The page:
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The Science of Smoke with Adhieu Arok

Smoke from wildfires is a toxic chemical-cocktail that can cause damage far beyond watery eyes and coughing. In addition to carbon monoxide, particulate matter and other volatile organic compounds, wildfires that blaze through towns and cities also burn and release substances like lead into the air. Researchers are discovering long-term repercussions from chronic exposure, potentially including neurodegenerative diseases such as Alzheimer’s.

Students in the Translational Health Lab at Boise State are determined to use their research to find community solutions. Master of Public Health Student Adhieu Arok is one of these students.

Meet Adhieu Arok

Adhieu Arok

As soon as she heard of the Translational Health Lab, Master of Public Health Student Adhieu Arok knew she wanted to be involved.

“When I moved to Boise to start my Master of Public Health, I wanted to get involved in my community,” Arok said. “Professor Luke Montrose came to speak to our class about a new graduate research assistant position that just opened up. Although I had a full-time job and rigorous classes, I was so eager I applied the following day.”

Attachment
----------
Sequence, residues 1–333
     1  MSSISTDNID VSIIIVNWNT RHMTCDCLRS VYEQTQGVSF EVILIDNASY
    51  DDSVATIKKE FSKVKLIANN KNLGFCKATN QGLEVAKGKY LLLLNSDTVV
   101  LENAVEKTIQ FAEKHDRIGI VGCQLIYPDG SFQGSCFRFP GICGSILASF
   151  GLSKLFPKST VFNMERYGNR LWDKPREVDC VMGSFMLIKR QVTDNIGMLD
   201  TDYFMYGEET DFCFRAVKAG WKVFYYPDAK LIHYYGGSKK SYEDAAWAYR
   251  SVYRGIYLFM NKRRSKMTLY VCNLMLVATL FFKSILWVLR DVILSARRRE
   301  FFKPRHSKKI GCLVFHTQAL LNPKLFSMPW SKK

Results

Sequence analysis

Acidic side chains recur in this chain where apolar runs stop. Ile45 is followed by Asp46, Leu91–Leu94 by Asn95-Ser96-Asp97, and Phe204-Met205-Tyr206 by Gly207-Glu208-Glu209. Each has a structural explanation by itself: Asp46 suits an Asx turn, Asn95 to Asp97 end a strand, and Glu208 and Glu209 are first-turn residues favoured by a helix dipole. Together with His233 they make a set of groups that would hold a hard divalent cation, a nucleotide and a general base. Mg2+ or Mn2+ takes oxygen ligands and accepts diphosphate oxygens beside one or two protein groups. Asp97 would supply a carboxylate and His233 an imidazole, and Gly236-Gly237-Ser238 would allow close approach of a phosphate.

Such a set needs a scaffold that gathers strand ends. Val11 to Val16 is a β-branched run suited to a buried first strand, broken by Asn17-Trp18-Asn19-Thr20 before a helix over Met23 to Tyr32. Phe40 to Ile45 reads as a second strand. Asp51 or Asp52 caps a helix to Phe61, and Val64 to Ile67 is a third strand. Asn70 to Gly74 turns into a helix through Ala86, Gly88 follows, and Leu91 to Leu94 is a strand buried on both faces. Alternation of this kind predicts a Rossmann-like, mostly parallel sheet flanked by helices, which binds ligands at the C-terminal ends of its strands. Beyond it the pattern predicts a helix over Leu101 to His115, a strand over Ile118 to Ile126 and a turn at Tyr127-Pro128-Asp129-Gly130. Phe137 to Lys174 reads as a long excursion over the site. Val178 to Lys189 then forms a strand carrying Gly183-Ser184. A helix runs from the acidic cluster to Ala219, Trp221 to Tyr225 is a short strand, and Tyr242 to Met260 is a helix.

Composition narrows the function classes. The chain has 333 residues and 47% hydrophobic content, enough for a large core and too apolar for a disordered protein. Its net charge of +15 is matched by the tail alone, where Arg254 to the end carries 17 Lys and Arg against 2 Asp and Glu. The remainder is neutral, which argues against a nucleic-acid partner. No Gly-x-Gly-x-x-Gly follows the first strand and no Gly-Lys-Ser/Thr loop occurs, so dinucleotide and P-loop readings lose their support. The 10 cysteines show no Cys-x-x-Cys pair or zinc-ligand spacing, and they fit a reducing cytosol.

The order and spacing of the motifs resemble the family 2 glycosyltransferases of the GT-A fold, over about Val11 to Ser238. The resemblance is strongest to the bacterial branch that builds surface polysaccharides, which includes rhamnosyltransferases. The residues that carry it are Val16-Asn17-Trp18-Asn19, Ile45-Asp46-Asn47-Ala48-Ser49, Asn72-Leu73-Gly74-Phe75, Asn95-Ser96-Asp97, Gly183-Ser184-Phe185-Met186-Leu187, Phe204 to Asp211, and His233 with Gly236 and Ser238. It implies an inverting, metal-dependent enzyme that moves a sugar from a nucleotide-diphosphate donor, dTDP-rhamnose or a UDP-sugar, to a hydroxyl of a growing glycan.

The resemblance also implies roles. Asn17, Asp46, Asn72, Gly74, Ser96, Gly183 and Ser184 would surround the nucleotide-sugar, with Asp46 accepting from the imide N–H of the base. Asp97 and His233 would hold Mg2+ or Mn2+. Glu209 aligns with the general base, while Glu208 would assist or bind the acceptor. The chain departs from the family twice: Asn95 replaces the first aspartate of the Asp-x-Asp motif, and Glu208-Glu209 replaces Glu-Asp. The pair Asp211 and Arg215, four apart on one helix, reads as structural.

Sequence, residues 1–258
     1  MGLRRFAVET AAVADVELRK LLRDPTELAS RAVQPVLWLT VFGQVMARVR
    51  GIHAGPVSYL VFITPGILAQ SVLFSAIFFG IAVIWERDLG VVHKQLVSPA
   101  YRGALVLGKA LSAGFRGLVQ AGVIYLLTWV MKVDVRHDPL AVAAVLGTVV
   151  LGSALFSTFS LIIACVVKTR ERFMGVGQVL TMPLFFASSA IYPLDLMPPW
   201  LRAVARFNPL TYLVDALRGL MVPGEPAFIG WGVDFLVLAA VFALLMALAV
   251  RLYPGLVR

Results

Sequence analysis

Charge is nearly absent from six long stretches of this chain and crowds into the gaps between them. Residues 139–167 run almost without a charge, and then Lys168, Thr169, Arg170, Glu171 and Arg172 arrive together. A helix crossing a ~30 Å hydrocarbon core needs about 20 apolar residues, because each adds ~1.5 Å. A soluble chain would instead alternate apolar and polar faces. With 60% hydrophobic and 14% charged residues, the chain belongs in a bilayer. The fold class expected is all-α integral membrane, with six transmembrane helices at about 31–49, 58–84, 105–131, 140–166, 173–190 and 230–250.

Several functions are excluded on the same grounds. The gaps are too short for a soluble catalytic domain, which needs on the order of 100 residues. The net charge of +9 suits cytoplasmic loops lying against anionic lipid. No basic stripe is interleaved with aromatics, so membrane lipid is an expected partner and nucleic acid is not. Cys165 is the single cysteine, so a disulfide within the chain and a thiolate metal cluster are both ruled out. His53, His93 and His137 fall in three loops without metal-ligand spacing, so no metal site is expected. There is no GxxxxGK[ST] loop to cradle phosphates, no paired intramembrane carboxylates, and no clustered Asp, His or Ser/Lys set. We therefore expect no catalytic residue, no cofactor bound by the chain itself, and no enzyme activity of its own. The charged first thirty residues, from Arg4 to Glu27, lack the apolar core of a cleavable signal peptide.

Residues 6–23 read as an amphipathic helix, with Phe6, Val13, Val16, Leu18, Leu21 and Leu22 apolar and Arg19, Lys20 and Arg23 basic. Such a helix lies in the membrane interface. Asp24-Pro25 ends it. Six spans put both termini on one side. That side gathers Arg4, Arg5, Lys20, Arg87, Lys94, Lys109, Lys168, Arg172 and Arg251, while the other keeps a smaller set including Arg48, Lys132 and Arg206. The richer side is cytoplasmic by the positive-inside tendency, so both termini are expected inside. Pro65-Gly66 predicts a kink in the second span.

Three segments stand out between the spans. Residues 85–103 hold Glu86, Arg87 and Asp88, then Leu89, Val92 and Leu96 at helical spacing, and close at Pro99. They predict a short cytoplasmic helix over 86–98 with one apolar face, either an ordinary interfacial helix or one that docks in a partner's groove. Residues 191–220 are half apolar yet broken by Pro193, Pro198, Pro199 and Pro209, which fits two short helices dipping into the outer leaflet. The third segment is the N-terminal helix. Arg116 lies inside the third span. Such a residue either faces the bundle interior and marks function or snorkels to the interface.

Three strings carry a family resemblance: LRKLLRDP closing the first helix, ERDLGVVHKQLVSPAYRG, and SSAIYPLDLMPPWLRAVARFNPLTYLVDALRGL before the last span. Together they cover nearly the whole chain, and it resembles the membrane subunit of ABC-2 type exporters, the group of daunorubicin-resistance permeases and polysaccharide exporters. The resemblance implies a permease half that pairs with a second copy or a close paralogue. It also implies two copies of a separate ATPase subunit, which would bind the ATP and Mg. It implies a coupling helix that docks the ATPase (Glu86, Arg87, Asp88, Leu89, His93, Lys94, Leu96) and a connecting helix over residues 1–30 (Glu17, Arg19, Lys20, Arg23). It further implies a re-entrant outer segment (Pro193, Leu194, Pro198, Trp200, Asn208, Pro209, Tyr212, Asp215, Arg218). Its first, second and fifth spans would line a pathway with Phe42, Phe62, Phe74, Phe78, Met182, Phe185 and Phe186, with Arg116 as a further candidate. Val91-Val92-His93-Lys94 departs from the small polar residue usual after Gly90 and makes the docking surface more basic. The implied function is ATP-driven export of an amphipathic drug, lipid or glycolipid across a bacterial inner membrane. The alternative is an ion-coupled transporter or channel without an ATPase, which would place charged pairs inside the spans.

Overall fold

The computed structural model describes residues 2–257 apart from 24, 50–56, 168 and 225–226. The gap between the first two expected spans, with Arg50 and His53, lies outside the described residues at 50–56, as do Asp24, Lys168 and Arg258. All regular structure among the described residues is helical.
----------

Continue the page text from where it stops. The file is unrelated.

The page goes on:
In the lab, and out in the community, Arok researches how the wildfire season affects indoor air quality in skilled nursing facilities in Idaho, and uses surveys and other means to gain an awareness of perceptions and areas for improvement in these spaces. She highlights the importance of poor indoor air quality by implementing educational workshops for administrators and maintenance staff at skilled nursing facilities.

The team provides resources and solutions for the facilities to improve indoor air quality. Some of these improvements include smoke readiness plans, indoor and outdoor air quality monitors, Idaho Power energy audits, installing high-efficiency filters, and ordering stand-alone air purification units.

Arok has conducted research since her sophomore year and feels that it is an essential piece of her identity as a scientist. She will take these skills and her passion for healthcare and community into her future goals.

“I want to become an OBGYN and help decrease the maternal and infant mortality rates in the U.S.. My long-term goal is to move back to Africa and live in one of the sub-Saharan countries and work in public health and medicine. I’m hoping to mitigate disparities in maternal and infant mortality rates and also work to improve exposure to poor air quality,” Arok said.

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